Budapesters love their wine and take it seriously, but in summer spritzers of red or white wine and mineral water are consumed in large quantities. Knowing the hierarchy and the art of mixing a spritzer to taste is important and will definitely win you the badge of 'honorary local'.
A kisfröccs (small spritzer) is 100ml (3.4oz) wine and the same amount of mineral water; a nagyfröccs (big spritzer) doubles the quantity of wine. A hosszúlépés (long step) is 100ml of wine and 200ml (6.8oz) of water, while a házmester (janitor) trebles the amount of wine. Any bar in town will serve you these but don’t expect one at a borozó, a traditional 'wine bar' (usually a dive) where rotgut wine is dispensed by a metal ladle.
Budapest-based wine critic and writer Péter Balikó says that when choosing a Hungarian wine, you should look for the words minőségi bor (quality wine) or különleges minőséű bor (premium quality wine), Hungary’s version of the French quality regulation appellation controlée. On a wine label the first word of the name indicates where the wine comes from, while the second word is the grape variety (eg Villányi Kékfrankos) or the type or brand of wine (eg Tokaji Aszú, Szekszárdi Bikavér). Other important words that you’ll see include: édes (sweet), fehér (white), félédes (semi-sweet), félszáraz (semidry or medium), pezsgő (sparkling), száraz (dry) and vörös (red).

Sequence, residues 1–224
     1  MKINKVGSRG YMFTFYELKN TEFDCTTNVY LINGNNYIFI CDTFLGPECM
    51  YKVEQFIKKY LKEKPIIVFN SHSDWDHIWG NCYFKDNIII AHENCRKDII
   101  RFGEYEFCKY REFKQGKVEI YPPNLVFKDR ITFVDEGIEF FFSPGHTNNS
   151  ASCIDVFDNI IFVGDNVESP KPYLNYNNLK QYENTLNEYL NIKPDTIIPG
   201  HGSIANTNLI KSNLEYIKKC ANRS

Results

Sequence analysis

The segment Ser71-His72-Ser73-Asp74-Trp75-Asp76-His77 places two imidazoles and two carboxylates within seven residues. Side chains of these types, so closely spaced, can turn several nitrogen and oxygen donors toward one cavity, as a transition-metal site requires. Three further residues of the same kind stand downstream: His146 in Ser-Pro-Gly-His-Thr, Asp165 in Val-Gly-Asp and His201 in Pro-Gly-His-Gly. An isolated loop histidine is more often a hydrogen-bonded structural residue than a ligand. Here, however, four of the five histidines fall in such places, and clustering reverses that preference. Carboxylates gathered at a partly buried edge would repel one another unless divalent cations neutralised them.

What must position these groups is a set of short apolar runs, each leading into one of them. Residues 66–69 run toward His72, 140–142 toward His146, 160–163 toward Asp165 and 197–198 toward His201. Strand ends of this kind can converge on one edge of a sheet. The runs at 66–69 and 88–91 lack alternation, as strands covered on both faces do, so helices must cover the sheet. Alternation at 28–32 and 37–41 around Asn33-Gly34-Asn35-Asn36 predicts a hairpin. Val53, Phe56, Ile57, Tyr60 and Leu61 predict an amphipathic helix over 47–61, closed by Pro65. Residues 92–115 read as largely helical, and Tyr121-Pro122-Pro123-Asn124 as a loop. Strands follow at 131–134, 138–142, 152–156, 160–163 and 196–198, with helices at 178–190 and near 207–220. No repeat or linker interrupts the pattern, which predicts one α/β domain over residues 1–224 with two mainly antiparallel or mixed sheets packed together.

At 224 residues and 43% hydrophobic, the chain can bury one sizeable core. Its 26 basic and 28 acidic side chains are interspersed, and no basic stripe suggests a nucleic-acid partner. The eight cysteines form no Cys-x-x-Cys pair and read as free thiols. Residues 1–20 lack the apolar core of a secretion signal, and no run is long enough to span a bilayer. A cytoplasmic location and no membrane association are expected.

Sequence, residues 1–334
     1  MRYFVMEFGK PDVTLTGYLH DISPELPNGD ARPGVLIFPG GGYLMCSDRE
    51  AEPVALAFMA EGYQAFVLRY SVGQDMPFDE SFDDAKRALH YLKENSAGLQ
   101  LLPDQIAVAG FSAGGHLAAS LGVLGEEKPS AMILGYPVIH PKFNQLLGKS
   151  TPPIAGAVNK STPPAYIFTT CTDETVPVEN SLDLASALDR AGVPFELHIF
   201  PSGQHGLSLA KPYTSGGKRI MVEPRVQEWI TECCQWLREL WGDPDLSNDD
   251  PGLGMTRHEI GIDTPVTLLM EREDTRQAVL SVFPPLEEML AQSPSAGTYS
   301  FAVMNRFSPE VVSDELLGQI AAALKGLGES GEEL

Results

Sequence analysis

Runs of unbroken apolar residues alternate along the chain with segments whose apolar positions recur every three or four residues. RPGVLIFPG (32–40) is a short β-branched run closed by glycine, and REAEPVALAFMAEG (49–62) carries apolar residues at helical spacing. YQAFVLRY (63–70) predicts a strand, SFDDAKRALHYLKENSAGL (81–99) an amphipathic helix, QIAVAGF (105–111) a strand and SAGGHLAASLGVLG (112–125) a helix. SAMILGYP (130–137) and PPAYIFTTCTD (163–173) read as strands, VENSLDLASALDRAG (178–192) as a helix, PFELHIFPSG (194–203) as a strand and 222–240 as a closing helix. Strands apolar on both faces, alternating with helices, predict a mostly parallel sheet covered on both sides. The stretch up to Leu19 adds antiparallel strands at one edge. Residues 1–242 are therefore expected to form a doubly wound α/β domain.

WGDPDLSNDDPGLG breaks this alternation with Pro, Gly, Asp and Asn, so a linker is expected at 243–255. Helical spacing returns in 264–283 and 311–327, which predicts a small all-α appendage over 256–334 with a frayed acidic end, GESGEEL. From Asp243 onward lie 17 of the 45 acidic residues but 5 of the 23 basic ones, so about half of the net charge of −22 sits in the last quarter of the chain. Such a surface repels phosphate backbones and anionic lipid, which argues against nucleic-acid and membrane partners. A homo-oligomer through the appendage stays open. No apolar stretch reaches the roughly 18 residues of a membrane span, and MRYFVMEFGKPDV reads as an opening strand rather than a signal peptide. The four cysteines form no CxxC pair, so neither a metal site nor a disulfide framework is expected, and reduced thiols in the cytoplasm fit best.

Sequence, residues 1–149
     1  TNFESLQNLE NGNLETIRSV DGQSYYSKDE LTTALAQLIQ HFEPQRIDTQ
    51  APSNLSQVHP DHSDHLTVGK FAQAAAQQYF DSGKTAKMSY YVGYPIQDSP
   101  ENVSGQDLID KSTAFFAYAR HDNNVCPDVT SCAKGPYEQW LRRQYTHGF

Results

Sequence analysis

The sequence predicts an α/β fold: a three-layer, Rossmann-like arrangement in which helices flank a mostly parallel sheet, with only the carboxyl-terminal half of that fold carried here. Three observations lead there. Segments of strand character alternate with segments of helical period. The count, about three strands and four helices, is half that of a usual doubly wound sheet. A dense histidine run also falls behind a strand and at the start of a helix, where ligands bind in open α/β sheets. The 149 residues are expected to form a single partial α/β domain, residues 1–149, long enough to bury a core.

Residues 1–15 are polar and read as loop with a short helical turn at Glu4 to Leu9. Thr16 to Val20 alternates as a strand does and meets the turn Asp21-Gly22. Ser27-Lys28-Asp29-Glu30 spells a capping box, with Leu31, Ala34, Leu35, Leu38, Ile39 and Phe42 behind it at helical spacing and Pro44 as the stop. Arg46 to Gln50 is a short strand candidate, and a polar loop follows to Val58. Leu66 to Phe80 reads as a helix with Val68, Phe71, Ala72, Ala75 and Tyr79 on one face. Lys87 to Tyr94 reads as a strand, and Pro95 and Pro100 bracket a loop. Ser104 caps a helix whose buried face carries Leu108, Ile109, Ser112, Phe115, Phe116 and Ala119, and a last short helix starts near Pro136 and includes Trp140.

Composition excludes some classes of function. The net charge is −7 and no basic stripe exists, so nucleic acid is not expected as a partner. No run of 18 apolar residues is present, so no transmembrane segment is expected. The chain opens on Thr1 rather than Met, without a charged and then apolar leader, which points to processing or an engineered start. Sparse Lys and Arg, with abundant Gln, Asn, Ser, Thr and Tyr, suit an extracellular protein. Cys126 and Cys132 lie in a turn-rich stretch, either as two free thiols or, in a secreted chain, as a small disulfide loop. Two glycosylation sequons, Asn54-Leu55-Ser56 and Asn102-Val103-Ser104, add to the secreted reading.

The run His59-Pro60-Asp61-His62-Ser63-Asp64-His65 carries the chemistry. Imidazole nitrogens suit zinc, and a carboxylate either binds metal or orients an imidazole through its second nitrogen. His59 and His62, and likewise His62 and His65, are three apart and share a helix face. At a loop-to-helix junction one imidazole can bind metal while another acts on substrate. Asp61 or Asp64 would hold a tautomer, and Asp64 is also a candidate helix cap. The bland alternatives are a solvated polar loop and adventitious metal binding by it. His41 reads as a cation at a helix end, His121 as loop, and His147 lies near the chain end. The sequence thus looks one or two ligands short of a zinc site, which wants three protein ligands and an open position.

Following are Péter’s five top local wines:
1. Laposa Badacsonyi Olaszrizling: Among the best dry white wines for everyday drinking in Hungary, this is a straw-blonde Welschriesling high in acid that has a tart aftertaste and is reminiscent of burnt almonds.
2. Szepsy Tokaji Furmint: With a flavour recalling apples, dry Furmint has the potential to become the best white wine in Hungary; Szepsy’s version could pass for a top-notch white Burgundy.
3. Ráspi Soproni Kékfrankos: This increasingly popular red wine is known as Blaufränkisch in neighbouring Austria; its full flavour belies its light colour.
4. Gere Villányi Syrah: Hungary’s 'newly discovered' variety of grape is making quite a splash; this one is full-bodied, rustic and simple.
5. Szepsy Tokaji Aszú (six puttonyos): Hungary’s sweetest 'noble rot' wine is from the acknowledged leader of Tokaj vintners.